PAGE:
The worldwide number of new cases of COVID-19 has continued to slow even as cases in South Korea doubled overnight and China’s Hubei Province updated its figures to include a tally of cases diagnosed among prisoners.
There are now 76,785 confirmed cases of and 2,249 deaths, according to the latest figures from the World Health Organization. That is about 1,000 new cases, compared with the 3,000 or so new cases that were being reported daily in early February. Hubei reportedly added 271 infections among prisoners to its tally, a move that prompted questions about whether there are other unreported virus cases in the country, according to The Wall Street Journal.
Outside of China, a cluster of infections in South Korea led to the diagnoses of 100 new cases overnight, bringing the total number of cases to 204 there. South Korea has reported one death.
In the U.S., there are 34 confirmed cases. That includes 21 people who were repatriated from Asia, including 18 from the Diamond Princess, and another 13 cases, including a new one confirmed Thursday by the Humboldt County health department in California.
Here’s what companies are saying about the impact of COVID-19 on their businesses:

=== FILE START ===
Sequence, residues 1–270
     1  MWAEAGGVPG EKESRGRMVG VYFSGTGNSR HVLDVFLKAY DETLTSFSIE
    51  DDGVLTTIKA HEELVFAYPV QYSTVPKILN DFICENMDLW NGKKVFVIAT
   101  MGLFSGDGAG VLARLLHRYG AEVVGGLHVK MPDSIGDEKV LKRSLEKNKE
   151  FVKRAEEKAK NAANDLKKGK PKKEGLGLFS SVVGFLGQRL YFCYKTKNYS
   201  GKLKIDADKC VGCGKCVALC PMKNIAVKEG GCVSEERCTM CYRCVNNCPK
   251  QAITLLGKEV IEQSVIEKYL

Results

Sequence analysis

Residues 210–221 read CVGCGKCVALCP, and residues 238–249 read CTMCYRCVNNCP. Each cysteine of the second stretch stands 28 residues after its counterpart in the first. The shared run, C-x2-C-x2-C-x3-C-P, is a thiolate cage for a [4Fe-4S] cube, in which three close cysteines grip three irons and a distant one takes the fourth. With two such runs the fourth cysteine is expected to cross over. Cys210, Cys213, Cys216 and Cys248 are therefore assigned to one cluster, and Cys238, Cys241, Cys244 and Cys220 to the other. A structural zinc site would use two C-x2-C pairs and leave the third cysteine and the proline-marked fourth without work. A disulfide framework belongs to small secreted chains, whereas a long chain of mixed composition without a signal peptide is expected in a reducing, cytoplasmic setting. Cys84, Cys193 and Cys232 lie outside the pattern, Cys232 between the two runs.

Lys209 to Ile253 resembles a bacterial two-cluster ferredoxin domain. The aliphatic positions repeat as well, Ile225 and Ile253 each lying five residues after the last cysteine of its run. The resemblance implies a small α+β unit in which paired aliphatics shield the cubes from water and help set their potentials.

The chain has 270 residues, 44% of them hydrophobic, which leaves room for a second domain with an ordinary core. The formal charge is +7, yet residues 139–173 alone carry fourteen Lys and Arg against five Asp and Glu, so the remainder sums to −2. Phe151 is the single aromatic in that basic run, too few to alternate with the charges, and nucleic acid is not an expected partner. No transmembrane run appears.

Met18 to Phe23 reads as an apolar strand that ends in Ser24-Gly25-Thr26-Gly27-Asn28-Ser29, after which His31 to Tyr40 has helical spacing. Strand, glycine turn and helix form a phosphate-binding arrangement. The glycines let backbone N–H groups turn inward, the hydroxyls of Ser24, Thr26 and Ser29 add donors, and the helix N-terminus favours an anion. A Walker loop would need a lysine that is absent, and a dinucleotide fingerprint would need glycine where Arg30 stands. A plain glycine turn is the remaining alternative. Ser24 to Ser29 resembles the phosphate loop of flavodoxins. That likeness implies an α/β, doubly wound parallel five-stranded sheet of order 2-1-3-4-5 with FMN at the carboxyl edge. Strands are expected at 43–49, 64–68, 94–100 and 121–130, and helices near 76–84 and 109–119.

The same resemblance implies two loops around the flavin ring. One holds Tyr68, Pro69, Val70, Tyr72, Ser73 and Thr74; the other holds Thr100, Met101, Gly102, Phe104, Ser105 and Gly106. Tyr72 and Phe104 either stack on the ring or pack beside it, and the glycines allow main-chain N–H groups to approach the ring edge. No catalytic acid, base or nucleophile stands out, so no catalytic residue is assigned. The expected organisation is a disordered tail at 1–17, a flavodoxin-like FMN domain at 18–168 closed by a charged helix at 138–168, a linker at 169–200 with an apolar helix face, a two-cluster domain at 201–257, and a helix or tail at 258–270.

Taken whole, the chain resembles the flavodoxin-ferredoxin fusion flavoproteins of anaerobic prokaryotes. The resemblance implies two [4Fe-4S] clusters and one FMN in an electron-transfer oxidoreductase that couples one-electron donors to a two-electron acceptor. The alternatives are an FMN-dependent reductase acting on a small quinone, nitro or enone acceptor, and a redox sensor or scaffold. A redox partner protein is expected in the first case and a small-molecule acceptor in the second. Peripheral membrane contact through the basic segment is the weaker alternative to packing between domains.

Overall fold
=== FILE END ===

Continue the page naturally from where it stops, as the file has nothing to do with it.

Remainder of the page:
• Lululemon Athletica Inc. LULU, -2.95% said Friday that the majority of its 38 stores in China have been closed since Feb. 3. The yoga gear seller said it continues to “monitor the situation” and will provide an update on the expected financial and operational impact during its fourth-quarter post-earnings conference call in late March.
• The Coca-Cola Company KO, +0.69% said Friday it is still expecting to reach its full-year guidance though COVID-19 will likely weigh on first-quarter results. Coca-Cola said it currently estimates an approximate 2- to 3-point impact to unit case volume, 1- to 2-point impact to organic revenue, and 1- to 2-penny impact to earnings per share for the first quarter. The Chinese market makes up 10% of Coca-Cola’s global volume, the company said in January.
• ITT Inc. ITT, +3.37% on Friday updated its 2020 guidance, providing a downbeat outlook that included an estimated impact from the outbreak. For 2020, the manufacturer currently expects adjusted EPS of $3.87, and offered a wider range of $3.72 to $4.02, compared with the FactSet consensus of $3.99.
• Hormel Foods Corp. HRL, -1.67% expects its international business to have a “very difficult” second quarter as a result of COVID-19. The company said Thursday there has been a slowdown in sales in China, with many restaurants closed, but sales of pantry items like Skippy peanut butter and canned pork Spam have increased. “Similar to other companies in China, all aspects of our in-country supply chain are operating more slowly and at higher cost than normal,” CEO James Snee told investors.
• Domino’s Pizza Inc. DPZ, -0.32% said Thursday that fewer than 20 of its stores are closed in China and the outbreak is slowing down the openings of new stores in that market. Last year, Domino’s opened 80 net new stores in China.
Additional reporting by Steve Goldstein and Tomi Kilgore